Friday, January 8, 2010

Marcus Thompson: William Grant Still Music in Winter Festival of Boston Chamber Music Society Jan. 9, 16 & 23

[Marcus Thompson]

The Boston Globe
Classical Notes
Time binds the music and MIT
By David Weininger
Globe Correspondent / January 8, 2010
“January, you might say, is a time for time. The new year is still new, and there’s space in which to reckon the days just gone and those to come. Time’s limits, and its limitless possibilities, are both in our minds, each vying for primacy. With its first Winter Festival, the Boston Chamber Music Society is providing a soundtrack for this reflective period. Beginning tomorrow and continuing through the next two Saturdays, the festival has as its theme time and its relation to music, with each concert preceded by a forum exploring one aspect of this giant, multifaceted issue. Unusually for BCMS, the concerts will be heavy on modern music; the conferences will be interdisciplinary, with contributions also from science, poetry, and design.

“The gathering is the brainchild of Marcus Thompson, who is in his first year as artistic director of the society and his 36th on the faculty of Massachusetts Institute of Technology, where the concerts and conferences are taking place. He says the idea arose from a desire on the part of both institutions to open themselves to new audiences. 'It just seemed to me that I was hearing the same thing from two different sides of the world that I occupy,’ says Thompson by phone. 'The need to do something different, something that would appeal to a new, younger audience. And also, the need to do something that gave a clear explanation of what we were doing and why we were doing it.’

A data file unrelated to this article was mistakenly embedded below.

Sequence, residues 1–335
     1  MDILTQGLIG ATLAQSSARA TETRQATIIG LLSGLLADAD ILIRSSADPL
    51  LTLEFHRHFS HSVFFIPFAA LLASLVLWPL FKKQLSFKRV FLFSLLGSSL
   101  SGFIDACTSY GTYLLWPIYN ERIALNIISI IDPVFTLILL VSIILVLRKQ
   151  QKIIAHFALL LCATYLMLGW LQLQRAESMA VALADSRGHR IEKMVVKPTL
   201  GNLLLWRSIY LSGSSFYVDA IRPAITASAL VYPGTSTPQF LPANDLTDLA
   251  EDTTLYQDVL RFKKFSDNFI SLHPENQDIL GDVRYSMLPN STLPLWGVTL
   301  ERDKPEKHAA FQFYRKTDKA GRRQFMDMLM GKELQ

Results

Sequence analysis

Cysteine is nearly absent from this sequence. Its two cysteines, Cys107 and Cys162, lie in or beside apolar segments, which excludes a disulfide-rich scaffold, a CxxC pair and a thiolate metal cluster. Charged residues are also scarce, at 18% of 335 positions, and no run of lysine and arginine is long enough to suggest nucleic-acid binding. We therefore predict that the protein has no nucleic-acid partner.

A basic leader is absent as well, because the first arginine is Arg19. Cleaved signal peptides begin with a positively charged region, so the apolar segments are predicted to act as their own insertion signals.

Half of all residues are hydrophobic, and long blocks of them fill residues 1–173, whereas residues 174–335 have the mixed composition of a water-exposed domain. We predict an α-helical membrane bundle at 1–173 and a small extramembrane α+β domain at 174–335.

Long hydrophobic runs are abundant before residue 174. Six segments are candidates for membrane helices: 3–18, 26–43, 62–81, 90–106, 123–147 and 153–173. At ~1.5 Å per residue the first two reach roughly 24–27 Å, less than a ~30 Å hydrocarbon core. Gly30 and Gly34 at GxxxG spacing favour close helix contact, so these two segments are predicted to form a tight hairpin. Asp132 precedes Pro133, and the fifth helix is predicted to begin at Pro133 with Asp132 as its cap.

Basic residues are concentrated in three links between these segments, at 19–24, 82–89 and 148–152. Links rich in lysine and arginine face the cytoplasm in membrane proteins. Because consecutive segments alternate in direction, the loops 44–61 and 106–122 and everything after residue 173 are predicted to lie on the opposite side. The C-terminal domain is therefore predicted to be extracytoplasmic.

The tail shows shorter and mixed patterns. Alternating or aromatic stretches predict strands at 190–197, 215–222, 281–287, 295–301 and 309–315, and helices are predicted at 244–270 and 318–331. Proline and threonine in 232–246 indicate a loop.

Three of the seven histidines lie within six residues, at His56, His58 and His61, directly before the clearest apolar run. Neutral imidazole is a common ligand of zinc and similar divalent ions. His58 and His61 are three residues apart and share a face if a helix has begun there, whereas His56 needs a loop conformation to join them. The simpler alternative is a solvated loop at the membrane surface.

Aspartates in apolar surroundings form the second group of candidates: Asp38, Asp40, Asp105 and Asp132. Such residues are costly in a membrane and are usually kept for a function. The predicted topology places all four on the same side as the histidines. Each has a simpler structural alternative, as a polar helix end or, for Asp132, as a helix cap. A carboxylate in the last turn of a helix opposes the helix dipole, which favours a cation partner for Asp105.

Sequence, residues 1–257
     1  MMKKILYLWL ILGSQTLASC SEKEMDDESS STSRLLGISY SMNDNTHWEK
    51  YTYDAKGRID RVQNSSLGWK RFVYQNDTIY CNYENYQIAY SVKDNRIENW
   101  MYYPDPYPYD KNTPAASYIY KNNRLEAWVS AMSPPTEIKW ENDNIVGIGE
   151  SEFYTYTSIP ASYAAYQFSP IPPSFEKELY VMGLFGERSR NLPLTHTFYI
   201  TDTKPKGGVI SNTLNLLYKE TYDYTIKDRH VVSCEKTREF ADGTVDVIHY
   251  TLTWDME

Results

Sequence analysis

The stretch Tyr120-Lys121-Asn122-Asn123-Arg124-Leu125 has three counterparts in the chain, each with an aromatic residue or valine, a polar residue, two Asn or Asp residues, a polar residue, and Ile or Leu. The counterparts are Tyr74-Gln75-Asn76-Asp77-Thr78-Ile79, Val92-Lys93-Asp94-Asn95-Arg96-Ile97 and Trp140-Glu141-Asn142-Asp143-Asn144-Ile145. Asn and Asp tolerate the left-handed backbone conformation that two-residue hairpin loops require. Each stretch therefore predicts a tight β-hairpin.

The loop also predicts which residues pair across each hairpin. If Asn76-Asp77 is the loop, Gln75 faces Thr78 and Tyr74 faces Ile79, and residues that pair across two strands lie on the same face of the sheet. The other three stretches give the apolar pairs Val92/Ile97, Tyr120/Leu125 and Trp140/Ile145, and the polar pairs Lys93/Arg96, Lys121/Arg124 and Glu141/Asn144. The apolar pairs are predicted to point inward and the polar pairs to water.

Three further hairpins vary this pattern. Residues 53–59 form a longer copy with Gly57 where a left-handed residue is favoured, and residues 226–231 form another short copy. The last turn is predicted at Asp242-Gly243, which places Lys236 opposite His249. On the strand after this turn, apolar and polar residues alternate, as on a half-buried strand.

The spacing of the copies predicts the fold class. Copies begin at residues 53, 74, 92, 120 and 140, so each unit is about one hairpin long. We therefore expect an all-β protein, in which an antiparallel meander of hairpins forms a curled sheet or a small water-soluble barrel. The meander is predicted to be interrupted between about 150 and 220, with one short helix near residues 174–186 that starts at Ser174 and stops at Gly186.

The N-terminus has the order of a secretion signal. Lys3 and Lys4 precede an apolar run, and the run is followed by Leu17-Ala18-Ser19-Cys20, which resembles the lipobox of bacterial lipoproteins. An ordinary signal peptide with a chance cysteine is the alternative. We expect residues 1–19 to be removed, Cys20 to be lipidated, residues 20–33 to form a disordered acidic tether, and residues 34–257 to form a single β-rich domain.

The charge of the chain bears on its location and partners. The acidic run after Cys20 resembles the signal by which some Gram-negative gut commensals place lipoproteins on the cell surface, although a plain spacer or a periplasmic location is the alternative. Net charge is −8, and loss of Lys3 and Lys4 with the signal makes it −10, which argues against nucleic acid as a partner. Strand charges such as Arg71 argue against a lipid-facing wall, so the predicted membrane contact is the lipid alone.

“The festival is being funded partially by a grant from the National Endowment for the Arts specifically to support the performance of American music; Libby Larsen, George Crumb, William Grant Still, and Peter Child are among the composers represented - with Mozart, Beethoven, and Dvorak. 'In structuring the program, I have to remember that we are the Boston Chamber Music Society,’ Thompson says candidly, alluding to the ensemble’s penchant for rather conservative programming. 'We can’t suddenly disavow who we are; we have to play the things that we play well.’

“Because of the volume of unfamiliar repertoire, he thought that a unifying idea would be helpful. 'When people are faced with a tremendous amount of anything new, sometimes it’s best to just focus on one thing that helps you to get in: one metric, one avenue that allows you to make connections.’ More broadly, the festival represents a sort of collective effort to think through music’s unique means of marking out, organizing, and manipulating time, its horizons of memory and anticipation. Or, as Thompson puts it, 'Music is really audible time. It can’t be experienced in an instant; it has to be unfolded in time.'’’ [William Grant Still (1895-1978) is profiled at]

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